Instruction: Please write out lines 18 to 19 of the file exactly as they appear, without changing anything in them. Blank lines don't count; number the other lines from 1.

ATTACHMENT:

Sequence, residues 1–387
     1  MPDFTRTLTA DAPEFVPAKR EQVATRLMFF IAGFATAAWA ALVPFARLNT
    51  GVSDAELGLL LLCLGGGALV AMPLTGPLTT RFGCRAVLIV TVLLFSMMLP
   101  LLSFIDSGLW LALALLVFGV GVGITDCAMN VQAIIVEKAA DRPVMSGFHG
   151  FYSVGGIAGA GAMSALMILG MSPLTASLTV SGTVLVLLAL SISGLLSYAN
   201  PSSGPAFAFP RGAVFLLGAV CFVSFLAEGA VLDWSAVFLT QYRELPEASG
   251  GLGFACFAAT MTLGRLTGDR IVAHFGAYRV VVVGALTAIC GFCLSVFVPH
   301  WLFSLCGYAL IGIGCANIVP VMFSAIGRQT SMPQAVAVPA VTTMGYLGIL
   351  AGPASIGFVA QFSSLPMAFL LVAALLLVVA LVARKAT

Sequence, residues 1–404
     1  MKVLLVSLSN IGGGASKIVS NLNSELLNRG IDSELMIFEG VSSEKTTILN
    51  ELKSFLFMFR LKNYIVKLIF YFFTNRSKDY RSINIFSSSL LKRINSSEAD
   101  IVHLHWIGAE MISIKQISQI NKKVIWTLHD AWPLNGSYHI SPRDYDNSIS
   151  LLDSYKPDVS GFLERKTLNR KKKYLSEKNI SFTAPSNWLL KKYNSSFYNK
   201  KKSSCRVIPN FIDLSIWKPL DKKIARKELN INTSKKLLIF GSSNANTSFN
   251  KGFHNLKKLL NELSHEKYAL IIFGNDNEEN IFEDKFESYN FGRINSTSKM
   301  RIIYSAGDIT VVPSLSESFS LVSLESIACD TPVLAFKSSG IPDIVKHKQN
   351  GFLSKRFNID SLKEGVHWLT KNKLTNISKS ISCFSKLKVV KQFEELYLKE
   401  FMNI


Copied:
   351  GFLSKRFNID SLKEGVHWLT KNKLTNISKS ISCFSKLKVV KQFEELYLKE
   401  FMNI